According to the American Academy of Child and Adolescent Psychiatry, 90% of teenages, ages 13-17, have at least one social media account. However, during this time of constant social media engagement and digital personas, how can teenagers discern reality from fabrication? To answer this, I asked several Athens Academy students to participate in an anonymous survey regarding their self image and their identity as it relates to social media.
The first student questioned was a non-social media user. When they were asked if they believe social media has affected them, they responded, “Not having social media has its pros and cons. I don’t connect with as many people, but also I don’t have that constant insecurity that some people get from seeing others whose lives are supposedly ‘perfect.’ I definitely think that I would be a different person if I had social media, but not to a very severe degree. There are so many benefits and so many people that you can see and meet through social media–it’s quite amazing. Who knows, maybe my life would have been altered if I had social media at a young age, but even with that thought, I wouldn’t change who I have become without having it.”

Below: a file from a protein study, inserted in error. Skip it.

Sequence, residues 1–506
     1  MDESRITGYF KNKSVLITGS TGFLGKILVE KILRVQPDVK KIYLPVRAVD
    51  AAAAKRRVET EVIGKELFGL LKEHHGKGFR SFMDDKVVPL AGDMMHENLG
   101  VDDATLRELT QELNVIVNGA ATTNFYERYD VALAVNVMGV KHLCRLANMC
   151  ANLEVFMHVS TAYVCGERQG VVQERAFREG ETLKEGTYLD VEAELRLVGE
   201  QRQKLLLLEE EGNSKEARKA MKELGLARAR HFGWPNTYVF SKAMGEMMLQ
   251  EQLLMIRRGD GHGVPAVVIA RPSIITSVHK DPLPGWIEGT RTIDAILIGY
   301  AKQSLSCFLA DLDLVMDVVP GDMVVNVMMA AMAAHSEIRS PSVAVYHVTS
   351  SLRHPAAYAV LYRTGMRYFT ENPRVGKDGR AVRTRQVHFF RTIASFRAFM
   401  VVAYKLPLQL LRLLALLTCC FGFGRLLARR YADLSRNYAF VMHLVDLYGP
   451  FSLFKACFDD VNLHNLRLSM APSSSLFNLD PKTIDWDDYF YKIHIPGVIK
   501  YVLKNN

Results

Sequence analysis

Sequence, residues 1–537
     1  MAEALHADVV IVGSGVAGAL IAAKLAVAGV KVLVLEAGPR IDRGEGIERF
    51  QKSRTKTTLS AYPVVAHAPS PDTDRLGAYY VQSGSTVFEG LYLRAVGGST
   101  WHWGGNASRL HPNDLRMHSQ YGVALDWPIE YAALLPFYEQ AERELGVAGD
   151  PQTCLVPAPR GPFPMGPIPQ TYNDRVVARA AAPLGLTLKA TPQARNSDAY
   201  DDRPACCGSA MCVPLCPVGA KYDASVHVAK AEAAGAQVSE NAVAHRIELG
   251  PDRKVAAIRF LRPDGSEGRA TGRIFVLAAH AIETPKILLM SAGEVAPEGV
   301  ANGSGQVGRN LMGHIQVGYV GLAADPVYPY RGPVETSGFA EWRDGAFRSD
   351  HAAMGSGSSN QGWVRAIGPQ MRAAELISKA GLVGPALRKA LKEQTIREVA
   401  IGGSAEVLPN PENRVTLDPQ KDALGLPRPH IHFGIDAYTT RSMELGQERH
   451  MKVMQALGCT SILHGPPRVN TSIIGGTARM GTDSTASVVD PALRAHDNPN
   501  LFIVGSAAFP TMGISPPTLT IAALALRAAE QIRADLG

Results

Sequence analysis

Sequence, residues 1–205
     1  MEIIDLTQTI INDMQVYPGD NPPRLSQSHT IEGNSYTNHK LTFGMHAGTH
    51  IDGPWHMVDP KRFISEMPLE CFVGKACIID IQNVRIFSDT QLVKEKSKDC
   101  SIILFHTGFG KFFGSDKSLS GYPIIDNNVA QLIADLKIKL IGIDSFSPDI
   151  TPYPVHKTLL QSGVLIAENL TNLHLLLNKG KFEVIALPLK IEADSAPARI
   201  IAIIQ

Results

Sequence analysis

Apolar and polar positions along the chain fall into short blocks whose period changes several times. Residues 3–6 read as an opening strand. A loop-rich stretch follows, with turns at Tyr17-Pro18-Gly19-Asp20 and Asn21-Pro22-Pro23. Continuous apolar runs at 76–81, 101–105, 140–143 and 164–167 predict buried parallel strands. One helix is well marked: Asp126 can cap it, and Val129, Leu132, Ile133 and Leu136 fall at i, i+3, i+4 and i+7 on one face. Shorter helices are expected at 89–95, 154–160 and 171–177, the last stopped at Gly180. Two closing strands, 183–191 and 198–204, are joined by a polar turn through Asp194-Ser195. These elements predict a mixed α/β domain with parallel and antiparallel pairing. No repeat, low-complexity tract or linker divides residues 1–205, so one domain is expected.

Similarly, a student with social media also believes that it has allowed them to connect with others.
“Social media has made it possible for me to make friends,” they said. However, it has not had a solely positive effect. “I think that if I would have avoided using it all together, I would like my appearance more. My self-image has changed a lot and I am always looking in the mirror asking myself if the people on TikTok would think I was pretty. … It definitely is a blessing and a curse.”
Many people often view social media as fake, duplicitous, and unrealistic. Reflecting on this concept, a student reported a different issue brought by social media: the concept of fantasy versus reality.
“I mean there is an element of reality to it, but it’s hard to tell. The people who post on social media are real, so I guess it is reality, but there’s a lot of stuff on there so it’s really hard to tell what is real and what is photoshop. I definitely used to think it was reality, but as I’ve grown up, I can tell that it’s mostly just a small group of the world that believes in some of the stuff on social media.”
While the responses share some commonalities, it is fair to say that each social media user has had a very specific, and impactful, experience with social media platforms. Social media will continue to be a topic of conversation as we progress through the digital age, and I believe that in the future, identity and self-image will largely be affected by social networking.
My question for you is: Will you let it affect you?